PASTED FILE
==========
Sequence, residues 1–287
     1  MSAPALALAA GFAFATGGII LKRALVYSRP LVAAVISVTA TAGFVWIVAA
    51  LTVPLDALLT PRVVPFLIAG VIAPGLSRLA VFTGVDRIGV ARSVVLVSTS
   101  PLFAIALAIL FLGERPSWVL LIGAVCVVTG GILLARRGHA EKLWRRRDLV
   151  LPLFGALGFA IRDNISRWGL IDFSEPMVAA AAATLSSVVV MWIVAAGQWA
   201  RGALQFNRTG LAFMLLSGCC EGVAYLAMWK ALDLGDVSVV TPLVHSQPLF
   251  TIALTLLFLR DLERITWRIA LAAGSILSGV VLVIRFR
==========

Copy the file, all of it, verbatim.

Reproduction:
Sequence, residues 1–287
     1  MSAPALALAA GFAFATGGII LKRALVYSRP LVAAVISVTA TAGFVWIVAA
    51  LTVPLDALLT PRVVPFLIAG VIAPGLSRLA VFTGVDRIGV ARSVVLVSTS
   101  PLFAIALAIL FLGERPSWVL LIGAVCVVTG GILLARRGHA EKLWRRRDLV
   151  LPLFGALGFA IRDNISRWGL IDFSEPMVAA AAATLSSVVV MWIVAAGQWA
   201  RGALQFNRTG LAFMLLSGCC EGVAYLAMWK ALDLGDVSVV TPLVHSQPLF
   251  TIALTLLFLR DLERITWRIA LAAGSILSGV VLVIRFR